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Concert Reviews

Abigal Washburn, Corb Lund and The SteelDrivers Shine Bright on a Gray Day in Nashville



Nashville’s sky was overcast and depressing on Wednesday, but the day was brightened by the legions of roots music artists who brought their varying strands of traditional country, folk and bluegrass to Music City—all under the big tent of Americana.

Wednesday marked the opening of the Americana Music Association’s annual festival and conference, an event so jam-packed with panels, seminars and artist showcases that it’s literally impossible to see more than a sliver of what’s on the schedule. Indeed, the most difficult part of attending this event is deciding what to skip.

There were a couple of captivating panels to start the day off. Jay Frank, author of the must-read book Future Hit DNA, gave a presentation that I’m sure was just as great as his published work, and what blogger wouldn’t love to sit in on a panel called “Social Media Strategies That Build Your Fan Base?”

Unfortunately, both of those events conflicted with my “must see” event of the day. So, after checking in at Nashville’s Sheraton Hotel, the headquarters for the event, I headed a few blocks south to the Country Music Hall of Fame and Museum for “Right By Her Roots: Singer-Songwrtiers and What Lies Beneath,” a discussion and songswap hosted by the impeccable Jewly Hight which featured Elizabeth Cook, Mary Gauthier and Abigail Washburn.

All three artists—each of whom come from vastly different social backgrounds—are featured in Hight’s upcoming book, Right By Her Roots: Americana Women and Their Songs. During the 90-minute discussion and performance, the women talked with Hight about how each of their backgrounds influenced their musical development and affect their musical present.

After answering a couple of questions, each artist was given the chance to play a song. Cook, who said that music and family were intertwined when she was a child (she got her start by playing traditional country music on the central Florida craft show circuit with her parents) started off the day’s music with a spot-on rendition of “Heroin Addict Sister,” a moving song from her latest album, Welder.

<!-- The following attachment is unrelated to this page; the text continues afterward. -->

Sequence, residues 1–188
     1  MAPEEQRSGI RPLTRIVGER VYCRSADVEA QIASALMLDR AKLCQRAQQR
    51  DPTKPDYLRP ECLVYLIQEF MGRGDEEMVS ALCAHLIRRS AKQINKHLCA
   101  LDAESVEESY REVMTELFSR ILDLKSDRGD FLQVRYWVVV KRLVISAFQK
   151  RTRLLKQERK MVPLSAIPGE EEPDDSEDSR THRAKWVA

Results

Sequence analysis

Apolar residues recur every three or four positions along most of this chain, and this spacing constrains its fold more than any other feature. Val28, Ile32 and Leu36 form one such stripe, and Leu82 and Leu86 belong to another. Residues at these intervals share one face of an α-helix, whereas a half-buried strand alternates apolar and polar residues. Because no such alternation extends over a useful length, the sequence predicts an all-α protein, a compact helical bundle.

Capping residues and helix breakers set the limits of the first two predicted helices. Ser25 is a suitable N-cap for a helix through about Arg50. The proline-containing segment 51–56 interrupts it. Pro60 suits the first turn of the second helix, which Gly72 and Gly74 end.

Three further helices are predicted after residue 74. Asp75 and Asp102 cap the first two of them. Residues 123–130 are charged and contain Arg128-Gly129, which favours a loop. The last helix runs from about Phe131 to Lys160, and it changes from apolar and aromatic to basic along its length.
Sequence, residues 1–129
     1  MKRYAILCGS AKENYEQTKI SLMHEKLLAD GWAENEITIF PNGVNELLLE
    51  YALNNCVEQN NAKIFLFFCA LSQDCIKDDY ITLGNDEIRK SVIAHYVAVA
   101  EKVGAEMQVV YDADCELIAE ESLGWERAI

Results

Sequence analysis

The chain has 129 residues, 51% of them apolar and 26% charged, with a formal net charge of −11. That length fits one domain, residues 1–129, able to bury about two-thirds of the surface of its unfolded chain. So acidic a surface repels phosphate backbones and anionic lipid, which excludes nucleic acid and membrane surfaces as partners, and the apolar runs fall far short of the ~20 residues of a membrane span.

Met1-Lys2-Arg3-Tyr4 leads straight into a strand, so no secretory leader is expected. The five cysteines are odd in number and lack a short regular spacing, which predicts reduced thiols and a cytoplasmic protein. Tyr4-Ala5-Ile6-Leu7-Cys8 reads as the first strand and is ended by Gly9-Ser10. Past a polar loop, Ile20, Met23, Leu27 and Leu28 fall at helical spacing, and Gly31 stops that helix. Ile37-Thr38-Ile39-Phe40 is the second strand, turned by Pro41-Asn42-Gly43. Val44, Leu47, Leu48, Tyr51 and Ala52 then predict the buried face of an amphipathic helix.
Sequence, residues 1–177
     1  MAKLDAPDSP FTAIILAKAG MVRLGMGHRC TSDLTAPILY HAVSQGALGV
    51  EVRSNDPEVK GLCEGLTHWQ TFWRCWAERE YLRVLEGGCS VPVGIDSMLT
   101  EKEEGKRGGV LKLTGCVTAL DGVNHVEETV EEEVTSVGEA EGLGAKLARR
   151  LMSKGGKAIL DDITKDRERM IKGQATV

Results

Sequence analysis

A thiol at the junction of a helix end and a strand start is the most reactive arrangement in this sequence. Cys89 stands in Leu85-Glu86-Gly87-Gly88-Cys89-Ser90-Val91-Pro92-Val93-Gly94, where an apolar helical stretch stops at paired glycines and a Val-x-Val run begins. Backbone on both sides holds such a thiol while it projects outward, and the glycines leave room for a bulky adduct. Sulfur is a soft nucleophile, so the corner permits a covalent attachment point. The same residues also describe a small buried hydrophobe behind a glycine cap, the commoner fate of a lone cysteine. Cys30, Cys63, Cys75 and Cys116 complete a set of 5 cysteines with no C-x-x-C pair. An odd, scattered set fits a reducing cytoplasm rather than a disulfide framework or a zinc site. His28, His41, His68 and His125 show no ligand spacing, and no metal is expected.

Next up was Gauthier, a folk-oriented artist who said that her goal as a songwriter is to “get beyond the me, and get to the we.” Gauthier—who was given up at birth and then adopted—played a stirring rendition of “Mama Here, Mama Gone” from her album The Foundling, and later performed the exquisite title cut from her 1999 album Drag Queens in Limousines .

It was relative newcomer Abigail Washburn, however, who stole the show. The 32-year-old banjo player—who speaks fluent Mandarin Chinese—talked about growing up in an affluent suburban household where things were always good, but “weren’t always all right.” She had planned to be a lawyer in China, but scored a record deal after learning just two songs on the banjo.

She knows more than a couple of songs now, of course, and she demonstrated a clear command of the instrument, as well as of her own powerful voice. Her version of a Chinese folk song—delivered in Chinese as Washburn stood at the microphone and stomped her foot to the rhythm, while the crowd of a couple hundred people clapped along—was a remarkable sight to witness.

After stopping off at the downtown Panera Bread for a quick coffee, I headed back to the Sheraton to catch a charter bus (graciously provided by the AMA) for the 45-minute trek from the middle of the city to the Loveless Café, which is pretty much in the middle of nowhere.